There’s a whole lot of difference between buying products with valid third-party certification, or not.
Especially life-safety products such as fire curtains.
With or without third-party certification there is always some risk that the product arriving on site is not identical to the tested specimen.
However, by choosing products with valid third-party certification you remove that risk from 100% sitting with you to close to 0% sitting with you.
Valid third-party certification really is the difference between 0 and 100.
In a competitive open market there is pressure…
- to make a ROI from shareholders and stakeholders,
- from lenders and banks to repay capital,
- to service loan interest (rising),
- from staff, management and seniors to ‘hit the numbers’ to ensure not only job security but also bonuses,
- from existing contracts to keep on programme or else potentially suffer consequences in the tens of thousands or more,
- to keep ahead in the market and get your product to market.
You will see below how the simple yet thorough process of third-party certification that is governed by the likes of UKAS and monitored by Notified Bodies is invaluable to safety – especially for life-safety products such as fire curtains. Life-safety products are, by definition, to make the difference between life and death. Valid third-party certification is invaluable in ensuring the production of these products is reliable and the same as what was tested. In every way.
See how it works in real-life, day-to-day, and see some of the risks that production is susceptible to in a commercial organisation without the accountability that third-party certification provides.
This process ensures you can buy, specify, and approve products from Manufacturer A with confidence that the ‘widgets’ coming out of production are going through extensive and exhaustive impartial checks and controls to ensure they are the same as the tested specimen.
Typical scenarios that could lead to a deviation from the tested specification, design, and/ or processes; what happens in real life when:
1. The components that are normally used suddenly become hard to source, with a long lead time and increased costs. Does the manufacturer wait for the correct components to become available or do they substitute ‘like-for-like’ components to keep contracts on programme to avoid suffering:
a. delays and damages (can be in the millions per day on some projects)
b. reduced manufacturing profit margin
c. loss of goodwill and reputational damage
Example: “this motor is cheaper, and the manufacturer says it is fire rated and we can get them on next day delivery. It should be fine to use instead of waiting for the motors we had tested to come back into stock.”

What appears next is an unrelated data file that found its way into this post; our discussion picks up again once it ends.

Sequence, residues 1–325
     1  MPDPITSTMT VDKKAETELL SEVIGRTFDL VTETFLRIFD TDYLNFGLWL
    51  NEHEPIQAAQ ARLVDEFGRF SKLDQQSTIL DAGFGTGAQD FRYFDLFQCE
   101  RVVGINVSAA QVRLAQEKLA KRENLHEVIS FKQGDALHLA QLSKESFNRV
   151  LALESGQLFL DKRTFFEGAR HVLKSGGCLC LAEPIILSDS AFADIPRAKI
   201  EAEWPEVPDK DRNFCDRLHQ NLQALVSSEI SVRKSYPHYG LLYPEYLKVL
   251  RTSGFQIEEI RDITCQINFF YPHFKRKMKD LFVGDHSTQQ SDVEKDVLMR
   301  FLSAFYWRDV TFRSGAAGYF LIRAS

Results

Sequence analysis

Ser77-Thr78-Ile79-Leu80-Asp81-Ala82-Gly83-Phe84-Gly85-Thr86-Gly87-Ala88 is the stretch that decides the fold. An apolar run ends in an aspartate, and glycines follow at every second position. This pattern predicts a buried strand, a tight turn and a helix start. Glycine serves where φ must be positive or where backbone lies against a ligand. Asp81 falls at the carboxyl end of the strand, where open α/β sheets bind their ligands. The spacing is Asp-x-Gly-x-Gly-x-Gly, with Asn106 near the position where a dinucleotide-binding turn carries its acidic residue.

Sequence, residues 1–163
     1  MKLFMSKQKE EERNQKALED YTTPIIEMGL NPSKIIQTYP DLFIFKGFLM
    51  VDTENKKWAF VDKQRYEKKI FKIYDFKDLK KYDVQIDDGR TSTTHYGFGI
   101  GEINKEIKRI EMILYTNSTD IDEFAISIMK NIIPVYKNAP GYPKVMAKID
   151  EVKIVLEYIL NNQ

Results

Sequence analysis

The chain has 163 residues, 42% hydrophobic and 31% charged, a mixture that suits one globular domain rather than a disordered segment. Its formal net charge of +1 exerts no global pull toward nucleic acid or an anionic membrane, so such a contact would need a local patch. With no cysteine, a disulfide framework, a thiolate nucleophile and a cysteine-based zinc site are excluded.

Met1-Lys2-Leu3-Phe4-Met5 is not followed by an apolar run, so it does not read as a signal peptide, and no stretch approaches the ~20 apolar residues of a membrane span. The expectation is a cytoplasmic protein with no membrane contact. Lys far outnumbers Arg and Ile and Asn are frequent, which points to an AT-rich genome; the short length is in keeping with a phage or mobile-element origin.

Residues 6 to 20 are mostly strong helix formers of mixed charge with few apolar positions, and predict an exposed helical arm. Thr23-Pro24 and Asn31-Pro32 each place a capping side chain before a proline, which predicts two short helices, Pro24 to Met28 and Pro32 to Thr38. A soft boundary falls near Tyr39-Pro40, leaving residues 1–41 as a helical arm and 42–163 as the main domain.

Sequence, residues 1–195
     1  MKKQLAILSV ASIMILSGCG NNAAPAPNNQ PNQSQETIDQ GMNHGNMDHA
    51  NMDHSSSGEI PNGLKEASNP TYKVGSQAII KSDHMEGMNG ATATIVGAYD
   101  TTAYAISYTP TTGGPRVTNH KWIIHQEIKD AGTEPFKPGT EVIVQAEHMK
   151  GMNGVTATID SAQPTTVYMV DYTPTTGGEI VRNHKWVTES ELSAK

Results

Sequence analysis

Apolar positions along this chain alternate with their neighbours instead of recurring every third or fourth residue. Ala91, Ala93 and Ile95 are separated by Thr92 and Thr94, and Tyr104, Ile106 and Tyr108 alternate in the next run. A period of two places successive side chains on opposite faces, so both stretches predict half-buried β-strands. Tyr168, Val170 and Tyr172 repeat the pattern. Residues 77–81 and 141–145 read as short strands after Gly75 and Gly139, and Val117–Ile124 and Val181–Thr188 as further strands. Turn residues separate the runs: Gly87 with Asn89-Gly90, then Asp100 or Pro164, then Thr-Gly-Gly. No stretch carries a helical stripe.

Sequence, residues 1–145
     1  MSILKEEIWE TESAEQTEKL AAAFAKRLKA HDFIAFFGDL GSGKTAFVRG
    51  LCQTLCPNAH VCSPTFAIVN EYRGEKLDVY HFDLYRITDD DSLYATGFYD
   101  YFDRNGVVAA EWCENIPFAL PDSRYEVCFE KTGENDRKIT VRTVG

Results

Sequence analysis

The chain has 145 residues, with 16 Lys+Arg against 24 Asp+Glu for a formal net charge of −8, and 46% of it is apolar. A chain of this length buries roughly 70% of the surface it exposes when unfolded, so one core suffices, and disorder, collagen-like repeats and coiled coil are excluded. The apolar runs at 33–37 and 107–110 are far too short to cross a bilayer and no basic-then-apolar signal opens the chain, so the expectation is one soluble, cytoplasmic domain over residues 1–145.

2. The design used for the tested specimen is proving difficult to scale up for volume manufacture.
Does the manufacturer:
a. Go back through product design and testing, thus delaying getting the product to market by a year or 2. This not only delays ROI and repayment of loans and interest, but also loses the opportunity of being ahead of the competition meaning they could be 2nd or 3rd to market with the product. They also may not have access to capital to fund the further development and/ or may not be able to service loans without the revenue from the new product?
b. Modify the design with an internally deemed ‘equivalent’ design that can be volume-manufactured with relative ease using existing capabilities?
Example: “we can’t easily position the motor recessed in the barrel 200mm as we did to pass the hot motor test so just position it in the barrel at the end as we do with our other fire curtains.”
3. Inflation hits profits and there is a new competitor with a better product. Both threaten the profitability and potentially even the viability of the company.
Does the manufacturer:
a. Look at ways to improve their design and production processes so they can provide a better product that is higher quality and lower cost and take this new design and the processes through third-party testing and certification with a Notified Body e.g, over the next two years?
b. Hold a team meeting to find ways to make the product at lower cost and more quickly. These changes will save everyone’s bonuses or even the business and are deemed internally to create little-to-no impact on the performance of the product. Is it a solution?
Example: The new Adexon design which solves the three most prevalent headaches associated with fire curtains hits the market. What is more, Adexon have invested in automation of production and have incredibly well-run and lean processes making their vastly superior product equivalent or lower in cost!
These are just some examples of scenarios that threaten deviations to the tested components or design, or even the processes. Without valid third-party certification no impartial person or entity is checking. The likelihood is that if you buy, specify, or approve products from Manufacturer B or C, you have no guarantee and little-to-no certainty (unless you are a shareholder) that the ‘widgets’ coming out of production are the same as the tested specimen. Uncomfortably, the risk sits with you. There are no upsides to taking this risk.